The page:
Do you have a wrist, shoulder, or elbow injury? Or do you particularly suffer from “Pickleball Tennis Elbow?” If so, you should pass on heavy paddles because the additional weight will strain you. Nonetheless, by choosing the lightest paddle possible to potentially prevent pain, you are not making the smartest choice game-wise, as you will need to exert more force to increase the power of your shot. Mid-weight pickleball paddles provide you with an excellent balance of both, and they quite literally hit the sweet spot.
A player who uses a very light paddle on the pickleball court is at a greater risk of worsening an existing tennis elbow or developing it as a result. On the other hand, heavier paddles will get your shot across with minimal force. Considering these factors, our recommendation is to go for a mid-range graphite paddle or a composite paddle if you are a pickleball player experiencing tennis elbow.
Tennis players’ tips
Suppose you previously used to play tennis and wish to transition to pickleball. In that case, you are probably accustomed to the greater weight of tennis rackets, and thus handling paddles on the heavier side of the spectrum should not be a challenge. However, putting significant wrist action into the shots makes it probably better for you to use light to mid-range weight paddles. These will allow for added control and finesse.
As you choose a pickleball paddle, pay attention to “tennis style” grips, shaped to imitate the handle of tennis racquets. Various brand-new lengthened grips might appeal to most tennis players as they have a similar feel to the conventional tennis racket.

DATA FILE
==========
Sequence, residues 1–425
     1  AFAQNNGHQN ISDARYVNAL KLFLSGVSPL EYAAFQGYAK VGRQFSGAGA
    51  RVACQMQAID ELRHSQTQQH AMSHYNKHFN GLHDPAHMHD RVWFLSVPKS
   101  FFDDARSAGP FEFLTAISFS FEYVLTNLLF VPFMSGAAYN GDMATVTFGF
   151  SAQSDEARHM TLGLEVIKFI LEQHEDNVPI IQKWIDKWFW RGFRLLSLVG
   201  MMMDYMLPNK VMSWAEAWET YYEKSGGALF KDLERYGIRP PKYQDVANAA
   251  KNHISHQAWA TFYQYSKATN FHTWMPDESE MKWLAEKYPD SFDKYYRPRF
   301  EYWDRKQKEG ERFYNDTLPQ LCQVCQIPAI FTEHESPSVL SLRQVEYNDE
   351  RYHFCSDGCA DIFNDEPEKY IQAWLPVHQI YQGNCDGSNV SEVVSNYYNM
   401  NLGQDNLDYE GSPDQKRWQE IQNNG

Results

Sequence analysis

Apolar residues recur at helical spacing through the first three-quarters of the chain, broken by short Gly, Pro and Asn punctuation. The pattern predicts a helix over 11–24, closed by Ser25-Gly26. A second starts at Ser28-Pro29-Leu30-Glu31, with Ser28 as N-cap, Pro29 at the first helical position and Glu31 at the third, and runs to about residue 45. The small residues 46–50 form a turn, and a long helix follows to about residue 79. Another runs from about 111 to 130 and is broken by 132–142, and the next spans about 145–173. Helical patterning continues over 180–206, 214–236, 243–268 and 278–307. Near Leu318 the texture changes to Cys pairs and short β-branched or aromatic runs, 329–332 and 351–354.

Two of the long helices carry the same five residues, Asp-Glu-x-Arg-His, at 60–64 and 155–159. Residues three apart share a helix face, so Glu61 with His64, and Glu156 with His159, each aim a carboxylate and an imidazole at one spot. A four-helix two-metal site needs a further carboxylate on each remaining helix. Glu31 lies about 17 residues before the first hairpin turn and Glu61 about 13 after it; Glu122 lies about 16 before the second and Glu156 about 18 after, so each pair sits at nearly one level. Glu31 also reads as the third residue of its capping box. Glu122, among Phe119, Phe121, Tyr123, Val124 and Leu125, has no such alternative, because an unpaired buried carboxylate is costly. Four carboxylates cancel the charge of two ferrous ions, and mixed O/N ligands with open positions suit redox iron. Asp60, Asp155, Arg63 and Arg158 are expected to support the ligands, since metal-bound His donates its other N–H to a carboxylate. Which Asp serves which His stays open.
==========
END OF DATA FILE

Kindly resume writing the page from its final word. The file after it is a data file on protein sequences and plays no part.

Determine your grip size upon deciding on the right paddle weight for you. It is vital to go for a pickleball paddle with a suitable grip circumference that matches the size of your hand. It may sound relatively easy, but you should choose a grip that fits your hand the best. Playing with paddles with the wrong grip size is similar to participating in a race in shoes that are too tight.
A reduced grip size will allow more wrist action and make it easy to apply spin to the ball while improving control. You can also achieve added serve power by increasing the wrist movement.
It becomes crucial for a pro player to pick a composite paddle with less power and added control. If you desire to stay at the back of the court and aim for optimum speed with little effort, then more powerful paddles might be required. Go for a paddle that has a greater force if playing singles.
Increased size of the grip will be instrumental in improving the stability of your stroke while also easing your wrist strain and strain on your shoulder joints and elbows. Here, the caution is that you are at risk of elbow strain by using a paddle handle that is extremely big for your hand. This can cause joint pain and/or tennis elbow, even more so after you play for extended periods of time.